‘Hopeline’ set up to curb growing incidents of suicide-A A +A
Tuesday, March 26, 2013
A 28-YEAR-OLD woman jumped onto the tracks of the Metro Rail Transit’s Shaw Blvd. station last January 3 while a man was found hanging from the roof of his rented shanty three weeks later.
The following month, a 21-year-old student was found dead in her bedroom after stabbing herself while an executive jumped off the 10th floor of his condominium unit in Makati City.
Although the media is quick to report about such incidents, many cases of suicide in the country still go undetected due to lack of information and the shame that accompanies the act.
With this in mind, the Natasha Goulbourn Foundation (NGF) authored a Training Manual and Handbook for the Information and Crisis Intervention Centers (ICICs) that makes it possible for people who are depressed or suicidal, or those who are related to or concerned over individuals with these conditions, to quickly connect to qualified, trained and certified responders who will assist them through established protocols.
To help NGF in the undertaking, leading telecommunications company Globe Telecom utilizes its strength in information and communications technology to provide a hopeline for ICIC – 0917-588-HOPE (4673) and a toll-free number 2919 for Globe and TM subscribers that will be operational by late March.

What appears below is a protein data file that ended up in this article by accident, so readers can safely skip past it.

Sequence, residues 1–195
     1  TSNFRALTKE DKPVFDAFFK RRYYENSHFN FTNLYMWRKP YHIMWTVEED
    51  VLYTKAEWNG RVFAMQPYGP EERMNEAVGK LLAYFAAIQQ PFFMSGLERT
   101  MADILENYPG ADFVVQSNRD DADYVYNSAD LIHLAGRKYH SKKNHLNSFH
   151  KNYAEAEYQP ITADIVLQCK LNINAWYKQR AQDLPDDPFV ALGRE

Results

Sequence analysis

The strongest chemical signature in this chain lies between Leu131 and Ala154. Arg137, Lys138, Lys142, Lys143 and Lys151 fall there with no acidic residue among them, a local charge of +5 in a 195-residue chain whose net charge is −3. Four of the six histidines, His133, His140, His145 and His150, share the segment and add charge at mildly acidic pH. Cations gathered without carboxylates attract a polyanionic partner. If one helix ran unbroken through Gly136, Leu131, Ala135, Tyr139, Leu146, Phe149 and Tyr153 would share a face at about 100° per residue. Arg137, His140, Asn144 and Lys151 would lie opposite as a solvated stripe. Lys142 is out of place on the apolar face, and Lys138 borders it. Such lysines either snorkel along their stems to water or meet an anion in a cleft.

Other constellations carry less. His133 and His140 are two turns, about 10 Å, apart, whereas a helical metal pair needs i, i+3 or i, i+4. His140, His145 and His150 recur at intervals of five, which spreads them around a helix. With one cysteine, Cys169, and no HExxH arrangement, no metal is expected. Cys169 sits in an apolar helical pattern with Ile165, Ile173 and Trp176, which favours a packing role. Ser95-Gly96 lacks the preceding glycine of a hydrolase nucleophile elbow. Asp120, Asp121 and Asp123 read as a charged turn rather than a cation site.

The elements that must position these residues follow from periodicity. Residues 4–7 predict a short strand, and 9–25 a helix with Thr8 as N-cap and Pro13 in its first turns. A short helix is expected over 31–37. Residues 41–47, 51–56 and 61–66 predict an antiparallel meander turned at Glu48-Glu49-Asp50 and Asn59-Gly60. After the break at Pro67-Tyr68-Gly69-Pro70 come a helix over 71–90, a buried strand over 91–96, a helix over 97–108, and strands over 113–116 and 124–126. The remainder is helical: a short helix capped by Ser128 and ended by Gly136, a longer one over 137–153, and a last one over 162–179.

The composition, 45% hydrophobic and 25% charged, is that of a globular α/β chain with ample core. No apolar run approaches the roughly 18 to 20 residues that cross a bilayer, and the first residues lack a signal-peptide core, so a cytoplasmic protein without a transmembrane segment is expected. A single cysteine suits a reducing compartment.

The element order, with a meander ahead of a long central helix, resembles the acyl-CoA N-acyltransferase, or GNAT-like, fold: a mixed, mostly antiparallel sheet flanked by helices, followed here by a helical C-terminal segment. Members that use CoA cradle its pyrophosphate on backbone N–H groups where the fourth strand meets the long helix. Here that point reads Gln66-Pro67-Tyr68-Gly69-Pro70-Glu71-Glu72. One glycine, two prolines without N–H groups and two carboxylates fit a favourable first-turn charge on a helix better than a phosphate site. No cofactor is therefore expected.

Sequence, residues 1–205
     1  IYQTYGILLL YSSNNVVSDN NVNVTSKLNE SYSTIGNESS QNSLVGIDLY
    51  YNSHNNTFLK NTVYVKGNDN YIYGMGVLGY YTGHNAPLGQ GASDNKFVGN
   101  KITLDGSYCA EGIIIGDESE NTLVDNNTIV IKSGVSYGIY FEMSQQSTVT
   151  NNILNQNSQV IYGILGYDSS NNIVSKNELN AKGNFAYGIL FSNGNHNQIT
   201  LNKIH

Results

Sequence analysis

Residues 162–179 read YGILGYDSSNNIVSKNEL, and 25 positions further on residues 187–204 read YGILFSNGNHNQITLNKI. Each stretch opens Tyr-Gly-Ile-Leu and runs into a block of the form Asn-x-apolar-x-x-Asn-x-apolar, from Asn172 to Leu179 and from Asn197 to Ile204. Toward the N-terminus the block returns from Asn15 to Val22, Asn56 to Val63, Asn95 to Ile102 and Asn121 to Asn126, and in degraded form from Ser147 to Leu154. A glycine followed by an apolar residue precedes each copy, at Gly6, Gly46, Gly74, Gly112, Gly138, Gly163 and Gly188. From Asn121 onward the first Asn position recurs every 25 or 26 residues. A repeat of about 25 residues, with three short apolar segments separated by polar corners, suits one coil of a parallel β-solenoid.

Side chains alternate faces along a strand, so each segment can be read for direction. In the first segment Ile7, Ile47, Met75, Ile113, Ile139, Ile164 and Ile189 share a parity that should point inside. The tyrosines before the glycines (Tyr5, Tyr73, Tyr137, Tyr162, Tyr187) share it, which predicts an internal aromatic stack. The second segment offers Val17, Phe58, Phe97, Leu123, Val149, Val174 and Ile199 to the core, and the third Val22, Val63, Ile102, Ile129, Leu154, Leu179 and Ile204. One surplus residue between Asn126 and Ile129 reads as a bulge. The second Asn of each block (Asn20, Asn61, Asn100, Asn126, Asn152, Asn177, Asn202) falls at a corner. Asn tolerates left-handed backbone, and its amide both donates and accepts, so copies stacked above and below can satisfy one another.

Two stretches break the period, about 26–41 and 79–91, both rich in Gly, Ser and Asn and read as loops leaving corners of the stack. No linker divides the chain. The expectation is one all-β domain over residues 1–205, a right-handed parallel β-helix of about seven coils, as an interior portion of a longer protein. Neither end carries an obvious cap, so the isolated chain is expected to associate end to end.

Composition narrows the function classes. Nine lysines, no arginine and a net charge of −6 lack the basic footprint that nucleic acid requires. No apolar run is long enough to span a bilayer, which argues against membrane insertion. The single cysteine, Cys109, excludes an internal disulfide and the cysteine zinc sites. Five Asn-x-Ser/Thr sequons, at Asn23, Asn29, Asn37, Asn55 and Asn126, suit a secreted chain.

“The number of suicide cases is becoming alarming, that’s why we want to do something about it by leveraging on technology intrinsic to our business. We want to drive public awareness on the availability of a Globe-provided hotline dedicated to assist and support callers in crisis due to depression or suicide issues as well as those who are not necessarily in immediate crisis but may need help to prevent it from occurring or escalating,” said Rob I. Nazal, head of Globe Corporate Social Responsibility.
At present, the Philippines has the highest incidence of depression in Southeast Asia with over 4.5 million cases reported in 2004. However, most of the depressives would rather suffer the symptoms than to seek help due to the stigma associated with the illness.
But for NGF, knowing what depression is all about is already a big step for depressed individuals to manage the illness, as well as help their families and friends understand the problem to enable them to respond and provide constructive support.
Likewise, by providing them advice, as well as professional help and organizational linkages, individuals suffering from the illness may be led to positive self-discovery and well-being. (PR)